Courage, tenacity, and effective problem-solving are all traits that come in quite handy at work, and what definitely is a good idea is to let an interviewer know you've got these in your back pocket.

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Mark’s Answer

I highly recommend being open to discussing any failures that you might have experienced as long as you are able to explain what you learned from the failure and more importantly, how it made you stronger as a person. We all experience failure and so it is something that should be discussed but in a positive and supportive fashion. In fact, it is a question that I ask most people that I interview, "please tell me about something that you failed at, what you learned, and how did you overcome the failure"? Life is not about your failures, it is about learning and becoming stronger as a result of those failures. There are many professional and famous quotes surrounding this logic as well.

I also recommend being open to sharing failure with others as a way of teaching and developing them to be better. People can learn a lot by learning from the failure of others. Being open and honest about our vulnerabilities including failure is very important to our ability to move forward together. Embrace it, be confident and be bold about what you learned and took away from the experience overall.

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Akshama’s Answer

You can talk about failures if you've learnt from them. No one is perfect, everyone makes mistakes. But people who learn from those mistakes and strive to become better are successful.


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Rajesh’s Answer

Short answer: Yes.
Long answer: Don't just end there. Explain (in a concise way) the experience where you failed in the SAR format. SAR stands for Situation, Action, Result. Another variation is called PAR (Problem, Action, Result). The central idea is that for any experience or story that you share in an interview, start with the problem statement or the situation that you found yourself into. This part gives a little background and the issue that you faced. The next part is about how you analyzed the problem and came up with a solution along with any interesting tidbit from the execution of your plan. Finally, you state the outcome of your actions. Now its possible that the result didn't really solve the issue that you faced so it could be considered as a failure but be crisp and don't try to blame others or give excuses. Own it if it was indeed your mistake and always share what you learnt so that it does not happen again. Interviewers are not looking for a perfect person. They want a genuine candidate who can own up to their mistakes and learn from it to avoid something like that in the future. This shows that you are coachable and willing to learn.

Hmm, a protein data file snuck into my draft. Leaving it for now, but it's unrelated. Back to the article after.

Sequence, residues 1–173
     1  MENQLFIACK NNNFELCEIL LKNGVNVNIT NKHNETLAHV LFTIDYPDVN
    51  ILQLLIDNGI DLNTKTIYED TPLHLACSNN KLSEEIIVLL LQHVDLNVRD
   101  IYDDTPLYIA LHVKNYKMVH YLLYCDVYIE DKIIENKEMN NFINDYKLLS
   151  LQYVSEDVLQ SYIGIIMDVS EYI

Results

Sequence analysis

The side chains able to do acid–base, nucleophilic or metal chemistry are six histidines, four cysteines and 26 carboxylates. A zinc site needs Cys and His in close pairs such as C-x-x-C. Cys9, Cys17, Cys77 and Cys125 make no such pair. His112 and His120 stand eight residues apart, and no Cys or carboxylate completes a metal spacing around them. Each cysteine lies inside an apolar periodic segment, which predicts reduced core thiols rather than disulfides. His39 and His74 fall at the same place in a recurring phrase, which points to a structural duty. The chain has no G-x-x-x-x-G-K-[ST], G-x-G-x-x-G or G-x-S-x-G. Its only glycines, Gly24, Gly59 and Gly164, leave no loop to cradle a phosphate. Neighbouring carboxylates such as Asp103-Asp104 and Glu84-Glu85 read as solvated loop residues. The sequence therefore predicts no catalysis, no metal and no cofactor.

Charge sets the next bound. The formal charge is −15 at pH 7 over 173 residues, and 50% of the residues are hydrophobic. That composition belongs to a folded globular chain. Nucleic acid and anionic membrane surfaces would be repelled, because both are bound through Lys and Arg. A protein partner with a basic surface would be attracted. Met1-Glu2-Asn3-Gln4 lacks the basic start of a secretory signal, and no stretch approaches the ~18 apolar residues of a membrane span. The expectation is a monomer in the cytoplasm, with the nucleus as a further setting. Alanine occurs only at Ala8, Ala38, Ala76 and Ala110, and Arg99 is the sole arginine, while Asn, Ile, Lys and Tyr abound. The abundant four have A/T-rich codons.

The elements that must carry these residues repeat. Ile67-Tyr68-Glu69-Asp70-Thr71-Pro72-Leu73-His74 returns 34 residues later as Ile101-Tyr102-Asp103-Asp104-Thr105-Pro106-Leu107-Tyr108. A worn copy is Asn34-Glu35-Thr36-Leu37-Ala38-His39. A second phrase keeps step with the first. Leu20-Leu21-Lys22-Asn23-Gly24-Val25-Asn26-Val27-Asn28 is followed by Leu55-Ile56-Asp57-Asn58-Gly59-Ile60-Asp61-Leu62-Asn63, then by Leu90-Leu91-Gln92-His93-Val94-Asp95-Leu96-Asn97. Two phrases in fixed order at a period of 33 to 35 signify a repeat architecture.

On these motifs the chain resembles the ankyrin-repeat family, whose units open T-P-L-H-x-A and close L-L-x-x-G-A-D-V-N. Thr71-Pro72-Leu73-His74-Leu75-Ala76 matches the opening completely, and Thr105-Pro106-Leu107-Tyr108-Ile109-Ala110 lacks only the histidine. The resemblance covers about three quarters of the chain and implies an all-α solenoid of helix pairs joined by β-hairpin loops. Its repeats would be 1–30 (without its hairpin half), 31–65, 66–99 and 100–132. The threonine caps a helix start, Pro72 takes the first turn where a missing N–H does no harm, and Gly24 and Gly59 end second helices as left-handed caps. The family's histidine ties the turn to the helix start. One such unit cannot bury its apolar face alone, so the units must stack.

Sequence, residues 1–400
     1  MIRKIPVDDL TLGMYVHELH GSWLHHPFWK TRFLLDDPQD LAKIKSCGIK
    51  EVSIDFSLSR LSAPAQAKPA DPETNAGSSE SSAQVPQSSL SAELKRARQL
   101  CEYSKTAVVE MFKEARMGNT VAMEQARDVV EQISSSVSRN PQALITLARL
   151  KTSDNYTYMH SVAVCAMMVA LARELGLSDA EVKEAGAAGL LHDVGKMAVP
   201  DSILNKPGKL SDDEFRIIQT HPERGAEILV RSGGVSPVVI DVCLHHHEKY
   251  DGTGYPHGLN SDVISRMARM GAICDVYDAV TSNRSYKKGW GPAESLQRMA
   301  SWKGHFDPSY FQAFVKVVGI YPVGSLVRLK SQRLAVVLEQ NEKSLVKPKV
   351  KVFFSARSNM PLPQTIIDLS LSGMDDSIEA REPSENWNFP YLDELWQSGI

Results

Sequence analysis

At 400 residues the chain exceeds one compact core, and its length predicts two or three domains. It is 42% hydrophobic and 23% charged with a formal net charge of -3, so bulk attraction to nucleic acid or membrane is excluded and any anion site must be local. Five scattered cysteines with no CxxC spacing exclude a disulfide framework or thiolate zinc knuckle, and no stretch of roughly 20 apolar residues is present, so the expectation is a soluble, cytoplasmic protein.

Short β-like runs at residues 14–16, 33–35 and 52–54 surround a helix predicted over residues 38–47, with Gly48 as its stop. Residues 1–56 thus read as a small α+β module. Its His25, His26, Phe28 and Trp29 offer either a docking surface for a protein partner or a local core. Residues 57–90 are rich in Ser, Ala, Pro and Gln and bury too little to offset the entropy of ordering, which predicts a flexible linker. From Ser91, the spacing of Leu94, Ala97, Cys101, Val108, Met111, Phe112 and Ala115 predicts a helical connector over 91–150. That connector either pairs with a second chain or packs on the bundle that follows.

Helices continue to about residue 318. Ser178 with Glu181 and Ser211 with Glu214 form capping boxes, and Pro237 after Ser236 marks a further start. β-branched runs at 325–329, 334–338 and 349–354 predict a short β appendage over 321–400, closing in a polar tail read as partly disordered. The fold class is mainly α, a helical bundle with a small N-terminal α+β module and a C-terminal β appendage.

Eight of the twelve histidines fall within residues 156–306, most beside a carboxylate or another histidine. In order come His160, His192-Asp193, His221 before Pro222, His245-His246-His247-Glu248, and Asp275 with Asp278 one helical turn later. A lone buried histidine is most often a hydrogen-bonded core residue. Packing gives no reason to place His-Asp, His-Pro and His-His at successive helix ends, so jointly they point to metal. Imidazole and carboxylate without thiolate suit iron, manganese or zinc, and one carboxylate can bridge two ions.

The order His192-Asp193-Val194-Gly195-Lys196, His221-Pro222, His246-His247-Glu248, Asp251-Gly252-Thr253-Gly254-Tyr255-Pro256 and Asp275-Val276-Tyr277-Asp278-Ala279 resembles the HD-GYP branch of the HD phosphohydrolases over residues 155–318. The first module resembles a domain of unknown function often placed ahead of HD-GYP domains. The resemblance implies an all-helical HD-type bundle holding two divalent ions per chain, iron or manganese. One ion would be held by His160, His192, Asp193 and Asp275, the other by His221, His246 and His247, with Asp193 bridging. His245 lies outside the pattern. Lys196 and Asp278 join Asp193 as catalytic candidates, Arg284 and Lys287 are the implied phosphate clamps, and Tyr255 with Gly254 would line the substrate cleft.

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Taylor’s Answer

I would definitely be open about the leanings you have had in your life. If the interviewer asks the question with the word "Failures" you can always re-word the question to "One huge learning opportunity that I had in my life was when ..." Rewording to have a positive spin shows that you did not reach a goal in a situation, but learned from that experience and developed yourself to respond better the next time.

I have found that interviews are a chance to show that you have learned from mistakes, and be honest about them - because everyone makes mistakes! The important part to highlight in your interview answer (and spend the most time on) is how you grew from that situation and what you would do differently the next time to have a better outcome.

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Teresa’s Answer

I do agree that it's important to talk about challenges you have faced. We all have opportunity to grow and learn from events that may or may not have gone as we had hoped/planned. Each experience is just that, an experience..... I would not classify anything as a failure. I would, instead, refer to them as 'opportunities to improve'. When in an interview I would use examples of 'overcome challenges'. I talk about what made it a challenge and how I was able to learn from it. Then I would talk about how I could do it differently next time given the same situation.

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Matt’s Answer

If you bring it up, make sure you understand the situation you were in and why you failed. Also understand that you knew what it would take to improve the next time the scenario came up. Be able to specifically discuss the action you would take and what the results would be from the change. Its more important to admit failing than to lie.

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kalyan’s Answer

It's okay to share our failures during the interview but we should also share what we did to overcome that failure and turn it into success

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Nick’s Answer

What are failures? They are learning opportunities. Unless you find that it brings value to the topic of conversation in an interview and you are able to highlight a scenario where you learned from a failure and had an opportunity to change a behavior or process to produce a different, positive outcome, I would not proactively bring it up.